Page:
“Bisphosphonates have been proven very effective in protecting against bone fractures in clinical trials lasting three to four years,” says Whitaker. But it’s still unknown whether the benefit lasts longer than that in decreasing the risk of fractures.

Bisphosphonate labels have carried a safety warning about severe jaw bone decay (osteonecrosis of the jaw) since 2002. In October 2010, FDA warned patients and health care professionals about the increased risk of unusual thigh bone fractures and directed manufacturers to include the warning in the safety labels and medication guides that come with prescription medications. FDA continues to evaluate the possible association of bisphosphonates with esophageal cancer. These associations would suggest that health care professionals may want to reconsider how long patients should continue taking the drugs.

 

Opioid Pain Relievers

November 5, 2012

People who suffer chronic pain face a good news/bad news situation in choosing a treatment. There are powerful medicines called opioids that can help manage pain when prescribed for the right condition and when used properly. But when prescribed by physicians to patients who should not receive them, or when used improperly or for recreational purposes, they can cause serious harm, including overdose and death.

To reduce these risks as much as possible, the Food and Drug Administration (FDA) has approved a risk management plan for a class of opioid medications, known as extended-release (ER) and long-acting (LA) opioid analgesics, used to treat moderate to severe chronic pain. This plan is designed to ensure that health care professionals are trained on how to properly prescribe these medicines and how to instruct their patients about using them safely.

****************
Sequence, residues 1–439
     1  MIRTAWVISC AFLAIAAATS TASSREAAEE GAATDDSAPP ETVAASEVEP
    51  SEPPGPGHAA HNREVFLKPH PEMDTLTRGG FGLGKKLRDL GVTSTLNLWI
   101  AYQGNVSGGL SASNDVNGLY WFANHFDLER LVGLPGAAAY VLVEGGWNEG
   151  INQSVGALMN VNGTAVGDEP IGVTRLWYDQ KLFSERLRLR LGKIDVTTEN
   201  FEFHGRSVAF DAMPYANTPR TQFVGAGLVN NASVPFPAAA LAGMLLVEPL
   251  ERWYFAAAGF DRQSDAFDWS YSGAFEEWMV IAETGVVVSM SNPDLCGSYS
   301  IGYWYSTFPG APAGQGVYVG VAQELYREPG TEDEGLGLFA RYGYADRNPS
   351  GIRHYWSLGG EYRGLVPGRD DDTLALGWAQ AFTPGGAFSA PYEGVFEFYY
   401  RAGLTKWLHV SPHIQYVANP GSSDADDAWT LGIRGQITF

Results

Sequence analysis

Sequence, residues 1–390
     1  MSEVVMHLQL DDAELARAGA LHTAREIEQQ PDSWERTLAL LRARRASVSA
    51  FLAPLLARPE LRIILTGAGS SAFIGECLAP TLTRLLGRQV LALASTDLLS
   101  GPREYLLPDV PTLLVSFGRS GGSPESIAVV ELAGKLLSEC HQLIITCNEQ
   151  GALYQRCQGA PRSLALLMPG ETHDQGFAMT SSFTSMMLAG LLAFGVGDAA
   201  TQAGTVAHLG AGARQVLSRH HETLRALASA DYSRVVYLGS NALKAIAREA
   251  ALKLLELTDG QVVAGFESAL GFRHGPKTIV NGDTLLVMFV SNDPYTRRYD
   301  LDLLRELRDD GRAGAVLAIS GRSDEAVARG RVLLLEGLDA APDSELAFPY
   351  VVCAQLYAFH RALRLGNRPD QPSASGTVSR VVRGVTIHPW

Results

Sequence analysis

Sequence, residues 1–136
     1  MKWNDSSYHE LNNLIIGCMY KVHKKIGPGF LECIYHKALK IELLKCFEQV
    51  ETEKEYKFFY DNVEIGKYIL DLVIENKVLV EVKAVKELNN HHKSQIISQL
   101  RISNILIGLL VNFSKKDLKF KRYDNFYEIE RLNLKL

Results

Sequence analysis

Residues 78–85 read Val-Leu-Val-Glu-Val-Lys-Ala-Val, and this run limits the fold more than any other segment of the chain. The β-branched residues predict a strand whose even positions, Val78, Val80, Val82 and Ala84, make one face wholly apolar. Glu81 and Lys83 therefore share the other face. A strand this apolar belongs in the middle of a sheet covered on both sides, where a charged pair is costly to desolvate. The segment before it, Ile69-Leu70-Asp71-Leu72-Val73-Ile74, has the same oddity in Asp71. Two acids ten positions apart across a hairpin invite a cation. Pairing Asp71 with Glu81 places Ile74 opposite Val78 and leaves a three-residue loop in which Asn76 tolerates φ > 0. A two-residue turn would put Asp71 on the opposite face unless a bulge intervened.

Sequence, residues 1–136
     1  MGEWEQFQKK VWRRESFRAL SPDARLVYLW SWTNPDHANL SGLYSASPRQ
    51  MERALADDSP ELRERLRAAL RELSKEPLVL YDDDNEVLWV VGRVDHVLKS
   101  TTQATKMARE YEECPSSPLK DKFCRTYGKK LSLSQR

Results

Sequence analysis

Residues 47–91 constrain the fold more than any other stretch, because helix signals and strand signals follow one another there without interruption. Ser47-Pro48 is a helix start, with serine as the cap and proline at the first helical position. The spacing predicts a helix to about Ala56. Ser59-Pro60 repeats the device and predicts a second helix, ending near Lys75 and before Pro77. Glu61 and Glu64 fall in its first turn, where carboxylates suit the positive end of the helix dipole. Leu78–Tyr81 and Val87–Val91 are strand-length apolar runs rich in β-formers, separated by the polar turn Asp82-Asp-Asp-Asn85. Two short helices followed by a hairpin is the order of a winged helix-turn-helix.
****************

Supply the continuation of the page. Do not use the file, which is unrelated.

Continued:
“There are a limited number of options available for the treatment of pain.  Opioids are one option, but they carry a significant risk of misuse, abuse, overdose and death,” says Sharon Hertz, M.D., deputy director of FDA’s Division of Anesthesia, Analgesia and Addiction Products. “We’re trying to help physicians manage the risks and improve the safety of using these medicines.”

Opioids—so named because they are synthetic versions of opium—are narcotics that work by changing the way the brain perceives pain. They are available— in forms that include pills, liquids and skin patches—to treat moderate to severe chronic pain. Hertz explains that the ER/LA opioids are more of a safety concern than immediate-release formulas because they are stronger and either stay in the body longer or are released into the body over longer periods of time. The  drugs that will be required to have a REMS include:

  • Avinza
  • Butrans (transdermal buprenorphine)
  • Dolophine (methadone)
  • Duragesic (transdermal fentanyl)
  • Embeda
  • Exalgo (hydromorphone)
  • Kadian
  • MS Contin
  • Opana ER (oxymorphone).
  • Oramorph (all morphines)
  • OxyContin (oxycodone)

“When too much is taken, the risk of overdose is serious and it can cause death,” says Hertz. “We’ve seen that happen to people who overdose accidentally when they are taking an opioid for pain and to others who are taking it to get high.”

Hertz says that’s why it’s important that patients securely store their medications, both to prevent the accidental exposure of family members and to keep them away from others looking to get high.

And patients should not be sharing their pain relievers, Hertz says. “Just because it’s safe for the patient, doesn’t mean it’s safe for someone else,” she says, noting that there have been cases of people overdosing and dying after taking an opioid medication prescribed for a friend or family member.